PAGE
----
SEATTLE, Washington — In 2016, 43 of the 50 “most murderous cities in the world” were located in Latin America and the Caribbean. The University of Southern California’s Center for Research on Crime developed a diagnostic tool to identify Caribbean youth at risk of engaging in antisocial behavior. The tool connected at-risk youth with targeted treatment based on their level of risk.
In low and middle-income countries, youth gangs are commonly associated with high levels of violence and crime. The goal of prevention programs is to stop crime before it happens by dissuading youth from entering gangs and engaging in antisocial behaviors. Effective prevention programs make communities safer by providing at-risk youth with the necessary tools for them to get out of poverty. This also helps decrease violence in their communities. That is why identifying at-risk youth was such a vital part of the prevention program.
The Cycle of Violence, Crime and Poverty
Unfortunately, violence, crime and poverty ravage many Caribbean communities. Poverty is a “multilevel causal factor for crime and violence” that affects social, psychological, cultural and political aspects of peoples’ lives. This dynamic creates a cycle that perpetuates poverty. Furthermore, violence and crime restrict growth and development, which causes an increase in poverty and inequality levels. At the same time, inequality, social exclusion and relative deprivation contribute to levels of violence and crime.
There are both direct and indirect socio-economic costs as well as economic and “social multiplier effects” associated with violence and crime. The direct costs of violence and crime are of both goods and services used for the treatment and prevention of violence. Examples of Indirect costs are “pain, suffering, increased morbidity and mortality, drug and alcohol abuse and depressive disorders.” The economic multiplier effects include reduced productivity and “lower rates of labor market participation.” The social multiplier effects include the “reduced quality of life” and “the erosion of social capital.” All of this creates a cycle that perpetuates poverty.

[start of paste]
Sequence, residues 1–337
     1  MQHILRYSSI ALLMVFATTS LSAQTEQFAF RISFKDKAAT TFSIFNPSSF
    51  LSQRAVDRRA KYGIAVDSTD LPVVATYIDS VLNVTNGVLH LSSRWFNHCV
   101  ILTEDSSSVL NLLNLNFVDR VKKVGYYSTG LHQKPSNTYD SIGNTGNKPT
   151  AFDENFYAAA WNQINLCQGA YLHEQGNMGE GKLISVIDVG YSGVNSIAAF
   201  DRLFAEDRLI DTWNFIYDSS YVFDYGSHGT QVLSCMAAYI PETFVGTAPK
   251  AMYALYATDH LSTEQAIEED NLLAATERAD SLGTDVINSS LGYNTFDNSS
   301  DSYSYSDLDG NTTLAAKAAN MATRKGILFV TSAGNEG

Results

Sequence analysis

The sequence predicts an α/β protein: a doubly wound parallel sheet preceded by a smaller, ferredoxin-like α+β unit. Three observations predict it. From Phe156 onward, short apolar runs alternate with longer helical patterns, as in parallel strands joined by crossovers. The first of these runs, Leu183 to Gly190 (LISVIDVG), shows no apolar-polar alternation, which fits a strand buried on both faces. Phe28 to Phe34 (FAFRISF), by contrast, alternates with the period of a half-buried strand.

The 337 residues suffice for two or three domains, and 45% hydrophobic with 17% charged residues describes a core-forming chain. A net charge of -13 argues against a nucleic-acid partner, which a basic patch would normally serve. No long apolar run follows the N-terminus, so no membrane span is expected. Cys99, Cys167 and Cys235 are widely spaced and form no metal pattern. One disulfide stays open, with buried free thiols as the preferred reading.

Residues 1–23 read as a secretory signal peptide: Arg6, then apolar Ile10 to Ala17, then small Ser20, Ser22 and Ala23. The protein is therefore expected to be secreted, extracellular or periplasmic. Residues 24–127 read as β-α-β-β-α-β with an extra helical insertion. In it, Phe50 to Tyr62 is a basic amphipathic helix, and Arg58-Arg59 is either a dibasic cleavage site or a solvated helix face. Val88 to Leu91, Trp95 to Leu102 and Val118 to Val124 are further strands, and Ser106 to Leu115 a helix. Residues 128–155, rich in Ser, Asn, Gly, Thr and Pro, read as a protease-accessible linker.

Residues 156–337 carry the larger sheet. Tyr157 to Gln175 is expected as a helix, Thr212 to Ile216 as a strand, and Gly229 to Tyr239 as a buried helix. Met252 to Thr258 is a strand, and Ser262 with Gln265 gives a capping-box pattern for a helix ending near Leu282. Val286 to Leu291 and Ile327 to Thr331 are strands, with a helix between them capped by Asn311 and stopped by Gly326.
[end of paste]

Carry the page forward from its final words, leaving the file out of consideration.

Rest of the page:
Economic Dynamic in Saint Kitts and Nevis, Saint Lucia
Kathy A. Kolnick, Ph.D., from the University of Southern California’s Center for Research on Crime, spoke with The Borgen Project about the issue of at-risk youth in the Caribbean. One example included countries like Guyana in the northeastern part of South America and Saint Kitts and Nevis, Saint Lucia, island countries located in the Eastern Caribbean. Both areas subside heavily on tourism.
As the tourism industry grew in these countries, lower-paying jobs in service became the only available jobs when previous industries that paid more disappeared. Oftentimes, people that work in the tourism sector work shifts in the afternoon and evening. They travel long distances to get to their jobs because tourist destinations are too expensive for workers to live close by. This means parents working in the tourism sector spend less time at home, leaving their children unsupervised. Kolnick discussed the dangers of parents being gone for extended periods of time. It weakens the family structure and leaves Caribbean youth at risk of engaging in antisocial behavior more opportunities to participate in gang activity.